(AP) -- The stock market got off to roaring start in January, until a virus outbreak that started in China wiped out its gains.
The Dow Jones Industrial Average skidded more than 600 points Friday as the outbreak continued to widen, stoking fears that the travel restrictions and other uncertainties caused by the health emergency in the world's second-largest economy could dent global growth.
Technology companies, which do a lot of business with China, led the losses. Airlines fell after Delta and American suspended flights to and from China. The sell-off erased the S&P 500's gains for January and gave the benchmark index its biggest weekly loss since August.
Just two weeks ago, the S&P 500 had closed at an all-time high, having climbed around 13% since early October. A preliminary trade deal signed by the U.S. and China earlier in the month eased a big source of uncertainty in the markets. Volatility was running at 12-month lows and even a dust up between the U.S. and Iran didn't rock markets.
Then came the virus outbreak in China.
Markets around the globe have sold off on concerns about the potential economic impact of the outbreak. Hong Kong's Hang Seng fell 6.7% this week and South Korea's Kospi dropped 5.7%. China's stock markets reopen Monday after being closed since Jan. 23 for the Lunar New Year. The U.S. stock market, which had calmly been setting record after record, suffered its worst January since 2016 and its first monthly loss since August.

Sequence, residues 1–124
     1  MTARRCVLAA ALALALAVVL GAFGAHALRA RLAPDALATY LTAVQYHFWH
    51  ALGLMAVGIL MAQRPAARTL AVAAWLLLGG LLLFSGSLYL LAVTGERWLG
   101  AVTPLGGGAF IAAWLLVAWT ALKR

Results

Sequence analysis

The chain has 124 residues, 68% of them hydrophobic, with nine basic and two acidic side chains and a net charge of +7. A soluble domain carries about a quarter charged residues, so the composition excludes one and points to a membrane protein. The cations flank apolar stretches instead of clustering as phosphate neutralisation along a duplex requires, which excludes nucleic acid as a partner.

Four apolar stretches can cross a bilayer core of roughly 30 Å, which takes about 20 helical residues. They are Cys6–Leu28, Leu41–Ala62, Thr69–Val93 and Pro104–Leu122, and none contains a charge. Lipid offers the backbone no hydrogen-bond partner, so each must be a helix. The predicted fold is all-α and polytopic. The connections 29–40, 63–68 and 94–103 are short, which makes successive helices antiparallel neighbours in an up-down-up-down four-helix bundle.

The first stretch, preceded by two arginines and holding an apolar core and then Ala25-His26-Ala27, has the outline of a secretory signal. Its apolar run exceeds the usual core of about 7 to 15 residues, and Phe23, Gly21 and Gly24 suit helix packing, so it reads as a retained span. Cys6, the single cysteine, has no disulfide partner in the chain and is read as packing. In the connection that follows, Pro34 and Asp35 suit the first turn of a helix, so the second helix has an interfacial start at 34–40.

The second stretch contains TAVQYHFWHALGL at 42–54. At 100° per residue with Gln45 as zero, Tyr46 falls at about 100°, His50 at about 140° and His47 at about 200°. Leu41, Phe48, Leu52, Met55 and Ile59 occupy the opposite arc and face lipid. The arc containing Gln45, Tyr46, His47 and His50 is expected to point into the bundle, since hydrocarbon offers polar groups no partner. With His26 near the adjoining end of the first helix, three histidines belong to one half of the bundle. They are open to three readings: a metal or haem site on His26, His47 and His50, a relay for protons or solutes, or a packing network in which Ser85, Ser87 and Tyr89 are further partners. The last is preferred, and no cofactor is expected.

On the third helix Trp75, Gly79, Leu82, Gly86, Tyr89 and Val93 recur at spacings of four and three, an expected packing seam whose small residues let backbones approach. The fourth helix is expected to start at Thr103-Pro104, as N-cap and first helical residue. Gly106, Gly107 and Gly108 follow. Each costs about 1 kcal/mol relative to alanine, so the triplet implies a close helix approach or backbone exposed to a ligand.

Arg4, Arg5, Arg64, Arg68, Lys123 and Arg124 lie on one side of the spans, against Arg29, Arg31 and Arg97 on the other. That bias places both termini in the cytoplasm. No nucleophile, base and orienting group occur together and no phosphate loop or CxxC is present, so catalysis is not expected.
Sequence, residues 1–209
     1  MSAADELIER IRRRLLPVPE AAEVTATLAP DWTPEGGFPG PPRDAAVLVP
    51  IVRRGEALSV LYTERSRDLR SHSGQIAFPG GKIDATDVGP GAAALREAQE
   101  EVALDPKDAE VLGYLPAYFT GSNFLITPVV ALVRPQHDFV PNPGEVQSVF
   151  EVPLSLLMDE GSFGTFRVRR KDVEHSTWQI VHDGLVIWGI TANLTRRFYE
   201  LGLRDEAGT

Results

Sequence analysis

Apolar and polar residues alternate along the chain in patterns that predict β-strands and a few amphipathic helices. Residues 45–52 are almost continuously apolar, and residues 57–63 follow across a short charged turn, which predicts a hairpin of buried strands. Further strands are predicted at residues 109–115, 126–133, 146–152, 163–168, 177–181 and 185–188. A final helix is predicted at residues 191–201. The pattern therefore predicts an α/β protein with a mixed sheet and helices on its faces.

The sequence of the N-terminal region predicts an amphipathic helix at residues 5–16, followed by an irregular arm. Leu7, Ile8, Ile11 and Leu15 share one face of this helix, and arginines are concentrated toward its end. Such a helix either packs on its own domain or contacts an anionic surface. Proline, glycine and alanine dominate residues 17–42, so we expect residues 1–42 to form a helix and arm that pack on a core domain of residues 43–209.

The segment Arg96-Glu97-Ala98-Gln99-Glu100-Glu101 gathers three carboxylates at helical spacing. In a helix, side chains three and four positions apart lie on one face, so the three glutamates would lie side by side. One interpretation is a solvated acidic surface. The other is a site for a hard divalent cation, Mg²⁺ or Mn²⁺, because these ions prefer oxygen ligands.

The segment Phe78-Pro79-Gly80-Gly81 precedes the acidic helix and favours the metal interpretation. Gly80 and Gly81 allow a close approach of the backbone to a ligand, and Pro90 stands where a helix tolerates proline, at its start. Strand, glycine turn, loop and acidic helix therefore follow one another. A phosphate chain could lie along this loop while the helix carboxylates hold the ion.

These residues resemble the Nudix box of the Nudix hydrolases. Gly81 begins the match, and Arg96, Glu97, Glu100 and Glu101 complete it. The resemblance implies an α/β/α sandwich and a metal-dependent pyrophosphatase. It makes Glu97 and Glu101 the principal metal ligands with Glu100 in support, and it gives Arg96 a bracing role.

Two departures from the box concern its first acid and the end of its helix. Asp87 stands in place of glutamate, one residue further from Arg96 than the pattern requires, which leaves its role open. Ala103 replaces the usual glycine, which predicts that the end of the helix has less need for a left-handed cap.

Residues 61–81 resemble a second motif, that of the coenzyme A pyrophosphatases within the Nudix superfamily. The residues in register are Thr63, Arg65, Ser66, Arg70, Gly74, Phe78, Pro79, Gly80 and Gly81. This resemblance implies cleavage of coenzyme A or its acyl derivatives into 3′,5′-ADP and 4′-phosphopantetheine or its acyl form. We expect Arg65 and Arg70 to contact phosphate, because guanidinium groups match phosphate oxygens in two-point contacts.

The virus has infected almost 10,000 people in just two months, mostly in China. The World Health Organization has declared the outbreak a global emergency, a designation that signals that the virus is now a significant risk to other countries and requires a global response. The death toll stood at 213, including 43 new fatalities, all in China.
"It seems like the equity market is now coming around to the realization that maybe this is something that may linger for some time," said Sameer Samana, senior global market strategist at Wells Fargo Investment Institute.
American Airlines fell 3.2% and Delta Air Lines slipped 2.4%. Apple, which relies on Chinese consumers for sales and factories for supplies, fell 3.9%. Nvidia slid 3.8% and other chipmakers slipped.
The S&P 500 sank 58.14 points, or 1.8%, to 3,225.52. The Dow Jones industrials fell 603.41 points, or 2.1% to 28,256.03 The Nasdaq dropped 148 points, or 1.6%, to 9,150.94.
Bond prices rose. The yield on the 10-year Treasury fell to 1.51% from 1.55% late Thursday. In another sign of how much fear is in the market, the yield on teh three-month Treasury rose above the 10-year yield, a relatively rare ocurrence that hasn't happened since October. Investors see such inversions as a fairly reliable warning signal of a recession within a year or so, though its track record isn't perfect.
European markets closed broadly lower. The United Kingdom is officially leaving the European Union later Friday after more than three years of wrangling over the terms of its exit. It's the first time a country has left the trading bloc.
Markets in Asia finished mostly lower, though Japan's Nikkei 225 rose 1%.